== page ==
This dish is a staple Peranakan (Straits-Chinese) favourite that is truly memorable for its acquired yet robust flavour and taste. Strong traditions have resulted in this golden recipe being passed down from generation to generation, making it a truly authentic Peranakan dish.
Made with chicken pieces (and sometimes pork) combined with “keluak” nuts (an atypical type of nut which comes with a tough shell exterior, but oozes a piquant liquid inside), it produces an appealing yet unique flavor that must be tasted to be believed.
The dish isn’t a simple one to make; the rempah (pounded spices) alone is made of seven ingredients and takes half a day to fry.
Then, you have to scrub every nut, soak it in water for two days, chop off one end of the nut and dig out the black flesh inside. Then you have to pound or blend it with some spices. You have to neaten the nut’s opening with a cutter so that it’s presentable before you put the flesh back in (phew, what hard labour!).
Finally, you put the stuffed nuts, chicken and rempah on a simmer for another half a day until the sauce thickens. Now that takes a lot of work. So how about rewarding the hard work by trotting down to one of several Peranakan dining institutions to try it.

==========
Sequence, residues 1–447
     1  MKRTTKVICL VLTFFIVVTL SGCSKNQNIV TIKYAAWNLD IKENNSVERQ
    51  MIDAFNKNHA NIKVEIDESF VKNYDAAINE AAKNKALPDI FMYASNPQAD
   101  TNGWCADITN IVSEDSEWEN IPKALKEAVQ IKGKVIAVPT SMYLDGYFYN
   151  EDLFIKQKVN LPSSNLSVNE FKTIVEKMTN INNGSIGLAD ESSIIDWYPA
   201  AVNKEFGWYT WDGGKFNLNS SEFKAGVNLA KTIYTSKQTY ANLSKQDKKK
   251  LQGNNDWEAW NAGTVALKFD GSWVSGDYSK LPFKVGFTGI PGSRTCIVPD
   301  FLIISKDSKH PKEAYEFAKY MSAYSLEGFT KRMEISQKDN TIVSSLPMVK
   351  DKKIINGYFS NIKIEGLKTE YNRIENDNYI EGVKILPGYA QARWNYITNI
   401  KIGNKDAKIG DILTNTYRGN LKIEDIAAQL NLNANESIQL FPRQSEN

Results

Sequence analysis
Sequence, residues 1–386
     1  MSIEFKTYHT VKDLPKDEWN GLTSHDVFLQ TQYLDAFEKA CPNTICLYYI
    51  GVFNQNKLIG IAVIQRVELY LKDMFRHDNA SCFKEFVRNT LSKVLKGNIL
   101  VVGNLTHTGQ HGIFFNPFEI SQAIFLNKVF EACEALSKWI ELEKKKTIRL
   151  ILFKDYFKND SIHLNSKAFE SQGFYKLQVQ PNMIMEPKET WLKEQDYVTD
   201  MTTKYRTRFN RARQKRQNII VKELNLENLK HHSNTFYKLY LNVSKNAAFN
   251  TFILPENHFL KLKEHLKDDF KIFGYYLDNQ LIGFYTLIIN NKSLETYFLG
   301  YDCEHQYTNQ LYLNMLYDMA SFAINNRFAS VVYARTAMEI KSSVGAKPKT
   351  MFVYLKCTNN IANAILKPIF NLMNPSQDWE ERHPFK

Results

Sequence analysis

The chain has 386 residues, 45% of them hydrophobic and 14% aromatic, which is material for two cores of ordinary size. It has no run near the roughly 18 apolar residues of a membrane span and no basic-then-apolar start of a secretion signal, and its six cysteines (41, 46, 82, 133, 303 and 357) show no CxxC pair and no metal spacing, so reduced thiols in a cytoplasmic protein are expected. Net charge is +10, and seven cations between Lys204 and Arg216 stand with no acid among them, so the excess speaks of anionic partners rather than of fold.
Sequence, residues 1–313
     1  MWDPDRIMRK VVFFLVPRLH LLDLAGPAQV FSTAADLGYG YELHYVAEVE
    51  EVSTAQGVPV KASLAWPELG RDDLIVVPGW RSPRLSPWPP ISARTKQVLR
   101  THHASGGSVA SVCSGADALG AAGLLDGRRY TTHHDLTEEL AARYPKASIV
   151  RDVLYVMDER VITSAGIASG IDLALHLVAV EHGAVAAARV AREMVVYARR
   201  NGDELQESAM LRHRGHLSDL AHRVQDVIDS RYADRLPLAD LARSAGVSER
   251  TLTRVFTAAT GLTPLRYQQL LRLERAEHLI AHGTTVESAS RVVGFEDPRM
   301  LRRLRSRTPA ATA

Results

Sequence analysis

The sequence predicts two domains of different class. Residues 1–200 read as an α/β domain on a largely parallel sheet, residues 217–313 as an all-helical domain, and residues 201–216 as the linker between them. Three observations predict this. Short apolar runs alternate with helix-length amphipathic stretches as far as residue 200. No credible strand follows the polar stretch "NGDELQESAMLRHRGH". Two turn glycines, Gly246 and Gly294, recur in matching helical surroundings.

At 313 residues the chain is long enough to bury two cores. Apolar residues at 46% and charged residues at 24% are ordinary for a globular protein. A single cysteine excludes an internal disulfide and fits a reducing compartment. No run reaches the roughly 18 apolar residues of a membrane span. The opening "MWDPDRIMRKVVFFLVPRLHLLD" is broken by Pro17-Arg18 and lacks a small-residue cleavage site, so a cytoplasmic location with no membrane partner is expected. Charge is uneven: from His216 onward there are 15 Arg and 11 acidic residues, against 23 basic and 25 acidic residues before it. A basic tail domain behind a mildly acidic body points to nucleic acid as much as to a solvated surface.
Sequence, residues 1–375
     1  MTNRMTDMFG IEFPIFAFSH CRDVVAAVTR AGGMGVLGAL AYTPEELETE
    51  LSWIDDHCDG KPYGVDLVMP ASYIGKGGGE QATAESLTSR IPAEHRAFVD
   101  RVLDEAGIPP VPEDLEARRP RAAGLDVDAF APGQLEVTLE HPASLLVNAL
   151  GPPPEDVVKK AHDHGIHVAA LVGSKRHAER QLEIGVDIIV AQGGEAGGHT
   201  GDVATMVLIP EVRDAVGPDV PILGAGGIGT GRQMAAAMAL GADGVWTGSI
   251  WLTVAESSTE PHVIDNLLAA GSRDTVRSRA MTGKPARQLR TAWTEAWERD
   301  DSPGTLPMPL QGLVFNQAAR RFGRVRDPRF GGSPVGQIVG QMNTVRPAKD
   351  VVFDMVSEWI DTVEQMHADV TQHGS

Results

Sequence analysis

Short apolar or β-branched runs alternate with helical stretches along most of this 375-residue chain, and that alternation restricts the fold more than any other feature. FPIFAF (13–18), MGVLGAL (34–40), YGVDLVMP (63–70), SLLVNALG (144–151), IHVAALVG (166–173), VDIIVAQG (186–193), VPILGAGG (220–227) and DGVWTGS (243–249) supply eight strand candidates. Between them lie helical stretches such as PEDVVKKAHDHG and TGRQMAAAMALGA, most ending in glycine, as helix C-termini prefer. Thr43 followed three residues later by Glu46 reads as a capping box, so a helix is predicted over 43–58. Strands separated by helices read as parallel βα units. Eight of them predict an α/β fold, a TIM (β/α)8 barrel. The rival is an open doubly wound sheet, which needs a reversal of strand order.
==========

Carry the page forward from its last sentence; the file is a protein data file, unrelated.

Restaurants like The Blue Ginger, Spice Peranakan (if you have the time to venture out into the suburb of Buona Vista) and Baba Inn & Lounge are some of the best Peranakan restaurants serving this dish in Singapore, which is not commonly found at typical eateries.
The dish is best eaten with a bowl of steamed rice, chincalok egg (fermented shrimp omelette) and sambal kangkong (water spinach); a truly heady combination if ever there was one.